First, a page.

I recognized this pattern early, as far back as middle school actually, when an argument broke up the best friendship I had ever had. We even shared a first name. For about a year, we did everything together. And then we split. I would lose my best friend from high school in a similar way soon after graduation (We would reconnect 18 years later - and now are best of friends again). And in college, a falling out my sophomore year left me again searching for connections.
|Me, in my 40s. And not caring.|
In each case, the "why" was different. Maybe it was over a boy. Or a betrayal. Or just mistrust. But my reaction was always swift and stubborn: They would be gone, and I would cling harder to other pieces of my life. And I would start the search for friends again.
In my 20s, I discovered work friendships, a kind of camaraderie that grows from a common, shared experience. Like hating your boss. Or grousing over a menial task. Work friends were plenty, always around to commiserate about anything. The circle changed from job to job - widening here, narrowing there. Some would grow into real friendships. Lasting friendships. But always, there were work friends.
At home, they were harder to come by. I'm talking about those neighborhood friends. The ones that just pop over to borrow a cup of sugar, a romantic notion likely fueled in my mind by Hollywood but nevertheless something I always longed for. And perhaps because I felt I could never find it. In one neighborhood I lived in, I was too young. In another, I felt like everyone around me had plenty of friends and no need to add one more. So I kept trying. I'd host Pampered Chef parties, chat people up at the playground. Even try the whole sugar routine myself. What the hell. It could work. Maybe?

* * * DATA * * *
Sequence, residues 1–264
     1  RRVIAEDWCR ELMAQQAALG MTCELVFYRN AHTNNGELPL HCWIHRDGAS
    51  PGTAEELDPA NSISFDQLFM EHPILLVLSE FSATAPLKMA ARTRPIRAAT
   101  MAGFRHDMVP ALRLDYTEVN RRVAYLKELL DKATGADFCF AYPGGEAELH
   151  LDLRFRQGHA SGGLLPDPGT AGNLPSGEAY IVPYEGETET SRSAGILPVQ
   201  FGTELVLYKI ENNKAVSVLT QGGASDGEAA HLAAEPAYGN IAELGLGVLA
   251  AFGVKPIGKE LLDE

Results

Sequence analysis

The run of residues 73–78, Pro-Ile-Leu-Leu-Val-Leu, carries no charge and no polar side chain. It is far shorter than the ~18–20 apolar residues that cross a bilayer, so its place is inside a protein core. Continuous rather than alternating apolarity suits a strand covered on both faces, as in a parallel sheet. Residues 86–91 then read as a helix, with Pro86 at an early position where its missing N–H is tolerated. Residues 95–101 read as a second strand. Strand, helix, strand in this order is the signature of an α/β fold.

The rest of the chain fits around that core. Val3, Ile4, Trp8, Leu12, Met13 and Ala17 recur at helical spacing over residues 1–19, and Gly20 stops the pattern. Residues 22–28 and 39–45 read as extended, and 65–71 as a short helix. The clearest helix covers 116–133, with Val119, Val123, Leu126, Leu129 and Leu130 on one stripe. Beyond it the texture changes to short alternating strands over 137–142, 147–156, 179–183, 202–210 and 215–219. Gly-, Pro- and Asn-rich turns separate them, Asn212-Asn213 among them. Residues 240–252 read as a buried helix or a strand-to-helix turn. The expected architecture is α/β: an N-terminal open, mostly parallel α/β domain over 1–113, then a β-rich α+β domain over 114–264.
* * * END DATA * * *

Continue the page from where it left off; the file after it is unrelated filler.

In my 30s, there were the "parents of your kids' friends" friends. You know, the mom that you meet through a playdate or by volunteering at your daughter's 1st grade school Halloween party. The other dance moms. Your fellow Girl Scout leader. I had some success here, and count a few of my good friends from among this list. But still, it was a challenge to make real connections.
But now, in my 40s, I think I made the best discovery of them all. And it happened at a PTA fundraiser at my son's elementary school. That had been the annual place where a lot of my circles collided - work friends, neighborhood friends and parents of my children's friends would all be there. So I would care and I would try. It was a breeding ground for new friendships. Except this year, older and wiser, I walked in, look around at all the faces and realized:
I didn't care.
All these years of searching and looking, adding and subtracting friends, and I didn't care. I had friends. Old friends. New friends. Work friends. And tons of family friends - a category I didn't even mention above but that is probably the most dear to me.
And so it just occurred to me, finally. Finally. Finally. That I don't need to chase anything. I don't need to always be on the hunt. That it's happened already - whether by my working at it or just organically. It's happened. And my days are full - actually, overflowing - with work and family.